Hitman 2

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Hitman 2 review
Sean Martin


Come with me, and you will be, in a world of pure assassination


So for the sake of transparency, I’m going to begin this review by stating that I am a long-time lover of Hitman. I wasn’t so much of a big fan of Absolution, which I feel was a bit of a failed attempt at implementing more of a story into a Hitman game. I am however a huge fan of the reboot which began with the episodic release of Hitman in 2016. Hitman 2 instead launches as a full game, which while not as interesting in the narrative sense, might please fans who don’t wish to pay piecemeal for each level of the game. Once again, we step into the shoes of the somewhat ageless, bar-coded assassin, Agent 47, as he travels across the world, killing a variety of unreachable criminals and big shots, in ever more elaborate and absurd ways.


Similar to the previous game, Hitman 2 focuses on allowing players very specific routes of approach, giving each level layers of re-playability. This manifests itself as a choice — you can either play things your own way, improvising as you go, or choose very specific routes to assassinate a target. You have a variety of weapons and equipment, which will increase as you complete more challenges. Your location mastery will also increase, allowing you new starting points with disguises, as well as new places to have equipment left for you.

This is all very similar to the first game. But Hitman 2 basically takes the concept of multi-layered levels and cranks it up to 11 — some of the maps are absolutely astonishing in terms of size and number of NPCs. Mumbai especially, blew me away, a sprawling rendition of the city, both vertical as you move between skyscrapers and the sewers beneath the streets, and horizontal, as you traverse between busy markets and out-skirted railyards. This was especially powerful, after what I considered to be a very poor rendering of Marrakech in the first game. Also in a rather joyous turn of events, NPCs finally have appropriate accents and they aren’t all just British and American.


I personally consider Hitman: Contracts to be the most successful Hitman game in a narrative sense — in-between each level we get flashes as a narrative gradually establishes itself and during the levels we receive clues about the state of the world and the overall context. While I don’t think there will ever be another with as strong a narrative, Hitman 2 does a decent job continuing where the first left off even though the story does seem to drop off a bit at the end. It also scatters clues throughout the world, in news reports, conversations and in missions briefings from Diana, referencing the first game, teasing the next targets and establishing the world’s context.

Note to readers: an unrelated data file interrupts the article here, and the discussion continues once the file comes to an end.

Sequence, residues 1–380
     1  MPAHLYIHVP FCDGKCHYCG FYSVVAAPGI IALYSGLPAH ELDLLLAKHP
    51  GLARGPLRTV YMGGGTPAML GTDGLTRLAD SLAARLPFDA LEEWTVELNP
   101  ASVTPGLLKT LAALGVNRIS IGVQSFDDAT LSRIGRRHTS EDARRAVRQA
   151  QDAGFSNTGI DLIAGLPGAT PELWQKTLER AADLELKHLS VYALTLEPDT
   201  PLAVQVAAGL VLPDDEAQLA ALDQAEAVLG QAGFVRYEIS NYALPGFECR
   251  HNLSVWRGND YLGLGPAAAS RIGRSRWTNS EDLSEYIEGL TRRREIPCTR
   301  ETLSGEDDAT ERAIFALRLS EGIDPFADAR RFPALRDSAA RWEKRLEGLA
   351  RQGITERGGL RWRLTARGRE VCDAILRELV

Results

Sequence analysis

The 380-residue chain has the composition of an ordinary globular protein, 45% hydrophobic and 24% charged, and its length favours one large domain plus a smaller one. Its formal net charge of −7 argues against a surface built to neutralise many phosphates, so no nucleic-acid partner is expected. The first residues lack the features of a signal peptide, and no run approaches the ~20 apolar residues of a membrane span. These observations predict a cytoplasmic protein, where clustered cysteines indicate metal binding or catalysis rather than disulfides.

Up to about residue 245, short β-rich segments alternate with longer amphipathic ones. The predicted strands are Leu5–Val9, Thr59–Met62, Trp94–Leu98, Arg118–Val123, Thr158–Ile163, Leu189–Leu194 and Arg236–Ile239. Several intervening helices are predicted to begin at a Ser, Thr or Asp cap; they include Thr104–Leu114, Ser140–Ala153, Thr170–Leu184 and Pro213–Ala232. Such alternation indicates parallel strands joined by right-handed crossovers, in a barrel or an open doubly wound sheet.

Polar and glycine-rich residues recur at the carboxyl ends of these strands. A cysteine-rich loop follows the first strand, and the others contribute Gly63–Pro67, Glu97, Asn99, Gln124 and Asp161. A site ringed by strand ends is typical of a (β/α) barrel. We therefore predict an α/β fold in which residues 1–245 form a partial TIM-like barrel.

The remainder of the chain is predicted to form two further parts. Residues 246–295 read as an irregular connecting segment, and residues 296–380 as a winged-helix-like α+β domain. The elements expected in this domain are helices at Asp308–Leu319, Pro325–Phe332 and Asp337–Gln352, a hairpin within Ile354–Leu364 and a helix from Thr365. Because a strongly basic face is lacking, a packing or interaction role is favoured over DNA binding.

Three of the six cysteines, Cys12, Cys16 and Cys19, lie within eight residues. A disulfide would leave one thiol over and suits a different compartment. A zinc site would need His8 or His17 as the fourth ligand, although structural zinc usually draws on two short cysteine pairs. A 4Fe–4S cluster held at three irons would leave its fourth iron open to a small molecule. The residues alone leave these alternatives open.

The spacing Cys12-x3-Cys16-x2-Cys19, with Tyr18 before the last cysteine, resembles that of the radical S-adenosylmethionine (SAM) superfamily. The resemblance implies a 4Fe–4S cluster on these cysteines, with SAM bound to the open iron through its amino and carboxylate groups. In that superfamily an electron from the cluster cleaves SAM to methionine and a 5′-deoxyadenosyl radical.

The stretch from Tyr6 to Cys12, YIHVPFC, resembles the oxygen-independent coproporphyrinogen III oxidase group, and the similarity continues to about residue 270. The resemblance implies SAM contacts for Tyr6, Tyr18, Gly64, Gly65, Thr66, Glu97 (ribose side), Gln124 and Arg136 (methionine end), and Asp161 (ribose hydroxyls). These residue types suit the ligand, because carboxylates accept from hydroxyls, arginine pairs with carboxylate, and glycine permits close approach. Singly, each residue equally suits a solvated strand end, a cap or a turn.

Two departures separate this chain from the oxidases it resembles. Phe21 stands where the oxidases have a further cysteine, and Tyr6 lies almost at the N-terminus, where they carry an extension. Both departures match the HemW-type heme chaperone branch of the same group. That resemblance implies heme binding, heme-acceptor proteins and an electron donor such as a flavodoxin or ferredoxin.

Hitman 2 also continues the successful ‘elusive targets’ community events, where players have a limited time — both in game and in the real world — and a single attempt to kill a target. The first of these was the brilliant Mark Faber, a death-faking ex-MI5 agent who was lent his voice and likeness by Sean Bean. He was used in the marketing to great effect, being hash-tagged 'the undying', playing on that meme that Sean Bean has died in almost every film he’s been in. Hitman 2 also introduces Ghost Mode, an online competitive mode of 1v1, where players must hurry to eliminate a series of targets, racing and gaining points by killing them unnoticed before the other player. The targets are also randomly selected each time, adding a fairness to proceedings.


Hitman 2 builds upon what made the first installment of this revamp so successful — a sleek and beautiful interface, as well as an intense focus on re-playability, whether through contracts, elusive targets, or varying assassination methods. Though nothing to write home about, the story being based more in Agent 47’s origin does a good job of keeping you hooked, and is more interesting than the first installment’s by far. But to be honest, Hitman is an eternal, few game franchises have ever used the same set of mechanics as successfully, and the focus on improving them has led them to this revamp, which makes assassination newer and fresher than ever. If you like Hitman, you will love this.


fun score


Builds upon the first game, detailed levels, re-playability, new multiplayer and sniping modes


Not the most incredible story, bit a lame-duck ending.